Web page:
Will Snow Collapse My Awning?
If your business is in an area that sees a lot of snowfall in the winter and you are worried about how your awning is going to hold up, you are not alone. While small business owners in places where the sun is shining all the time have to worry about things like sun damage to their awnings, some have the opposite problem. In areas that experience large buildups of snow over the winter, there is potential for a weak awning to give way and collapse under the weight of all that snow. You hear horror stories about it every year, and as a small business owner, it’s extremely important to avoid mishaps like this. The good news is that you can minimize that danger by purchasing the right type of awning.
The most important thing to keep in mind when considering which awning to buy from a snow load standpoint isn’t the fabric, it’s the frame. The structure is what the awning snow load will primarily depend on. The frame manufacturer will be able to give you the estimated snow load, which you can compare to the type of snowfall you receive in your area.
When you think about it, it makes sense that the frame determines most of the strength of an awning. It’s what is really bearing the weight of what’s on top of the fabric. It’s the foundation of the awning and provides the support. It’s important to choose an awning frame carefully because there are plenty of poorly designed, inferior or inadequate framing materials out there that will collapse under the slightest pressure. Frame thickness and type of metal ( aluminum vs steel ) often contribute to the strength of the frame. Look for high quality frames from manufacturers with a good reputation. With all that being said, there are still fabric considerations that need to be made.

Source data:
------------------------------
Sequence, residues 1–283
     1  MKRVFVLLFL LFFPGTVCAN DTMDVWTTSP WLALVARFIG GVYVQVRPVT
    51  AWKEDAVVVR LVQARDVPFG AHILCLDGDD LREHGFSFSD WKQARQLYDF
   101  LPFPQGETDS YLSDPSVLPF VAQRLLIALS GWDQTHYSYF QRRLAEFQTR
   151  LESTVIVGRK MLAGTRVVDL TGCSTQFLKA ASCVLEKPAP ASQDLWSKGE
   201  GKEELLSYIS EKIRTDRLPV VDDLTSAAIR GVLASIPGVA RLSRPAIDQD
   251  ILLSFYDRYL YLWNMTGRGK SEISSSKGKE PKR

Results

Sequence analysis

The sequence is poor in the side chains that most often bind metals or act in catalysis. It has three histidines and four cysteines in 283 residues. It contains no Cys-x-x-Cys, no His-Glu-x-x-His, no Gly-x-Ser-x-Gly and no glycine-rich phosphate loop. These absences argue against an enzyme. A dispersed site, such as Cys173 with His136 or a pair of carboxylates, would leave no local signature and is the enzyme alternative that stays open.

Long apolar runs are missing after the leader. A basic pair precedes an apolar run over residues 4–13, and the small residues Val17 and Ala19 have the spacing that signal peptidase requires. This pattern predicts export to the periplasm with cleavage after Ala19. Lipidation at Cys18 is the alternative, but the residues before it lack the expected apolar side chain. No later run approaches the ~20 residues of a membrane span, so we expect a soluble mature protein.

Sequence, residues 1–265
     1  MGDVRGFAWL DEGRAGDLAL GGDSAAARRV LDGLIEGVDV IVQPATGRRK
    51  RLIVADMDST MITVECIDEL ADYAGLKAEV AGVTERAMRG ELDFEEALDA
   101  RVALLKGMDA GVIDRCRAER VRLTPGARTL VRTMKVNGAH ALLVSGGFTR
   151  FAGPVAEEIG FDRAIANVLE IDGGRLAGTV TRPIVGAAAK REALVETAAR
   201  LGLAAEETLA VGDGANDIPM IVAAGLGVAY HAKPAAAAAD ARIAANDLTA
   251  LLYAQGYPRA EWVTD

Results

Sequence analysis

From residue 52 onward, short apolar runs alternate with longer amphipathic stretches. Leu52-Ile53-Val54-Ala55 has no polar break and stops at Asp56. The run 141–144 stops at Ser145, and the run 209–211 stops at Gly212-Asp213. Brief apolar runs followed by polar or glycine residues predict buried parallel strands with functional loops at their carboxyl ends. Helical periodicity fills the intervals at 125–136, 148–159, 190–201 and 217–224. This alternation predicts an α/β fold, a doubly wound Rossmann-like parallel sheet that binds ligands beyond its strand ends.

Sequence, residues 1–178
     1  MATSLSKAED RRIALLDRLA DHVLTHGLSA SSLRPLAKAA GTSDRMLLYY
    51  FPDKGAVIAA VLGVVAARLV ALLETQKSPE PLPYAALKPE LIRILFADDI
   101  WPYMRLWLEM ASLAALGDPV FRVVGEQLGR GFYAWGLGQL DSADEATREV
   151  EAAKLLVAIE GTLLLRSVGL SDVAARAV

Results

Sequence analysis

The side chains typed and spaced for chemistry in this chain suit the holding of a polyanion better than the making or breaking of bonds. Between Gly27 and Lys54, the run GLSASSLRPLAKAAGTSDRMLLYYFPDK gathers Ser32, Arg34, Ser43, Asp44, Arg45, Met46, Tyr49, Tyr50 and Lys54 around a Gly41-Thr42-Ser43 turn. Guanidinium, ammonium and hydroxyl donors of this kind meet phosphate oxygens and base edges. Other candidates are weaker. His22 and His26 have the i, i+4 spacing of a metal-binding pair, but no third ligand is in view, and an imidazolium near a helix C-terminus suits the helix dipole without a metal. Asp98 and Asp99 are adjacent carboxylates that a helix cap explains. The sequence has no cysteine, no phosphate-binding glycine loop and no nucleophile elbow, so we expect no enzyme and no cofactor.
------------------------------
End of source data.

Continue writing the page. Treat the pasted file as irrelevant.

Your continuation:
Snow buildup has a lot to do with the pitch of the awning. It’s pretty self-explanatory, but a flat awning is going to have significantly more snow buildup than an awning that has a smaller angle when it comes to the pitch. High-pitch awnings will basically let the snow slide right off; there’s nothing for it to build up on. The problem with this is that often a flat awning is built that way to accommodate many guests standing or sitting and eating under it, so buildup can matter even more than it normally might.
This is where snow removal can come in. If your business location experiences heavy snowfall and the temperatures are such that things don’t start melting for a while, it’s your responsibility as a business owner to ensure that snow doesn’t build up to an unmanageable height or weight. Awning snow removal services can take care of this for you. The more proactive you are about stopping snow buildup, the less you’ll have to worry about unfortunate leaks and / or collapses.
When it comes to awning leaks, how safe you are depends on the fabric. Woven fabrics absorb water and snow and often let it leak through, whereas some fabrics -- Herculite’s included -- are made to be waterproof. When fabrics absorb water from the snow instead of repelling it, they become compromised. They start to sag, and in locations where snow is a constant for much of the year, they pretty much stay wet. This can lead to mildew problems as well as just general unpleasantness when it comes to appearances.
Waterproof fabrics help to combat snow buildup in the first place. If your awning is made out of a fabric that actively repels water, it will also actively repel snow, which means snow generally won’t build up enough to get to a point where collapse or damage is a concern. These types of fabrics are also good for resisting leaks, which is important in any awning, even without snow-specific concerns.
Want to learn more about awning fabrics before making your next awning purchase? Download our free guide, "Five Factors to Consider when Determining Awning Fabric Quality"
Topics: Awning Fabrics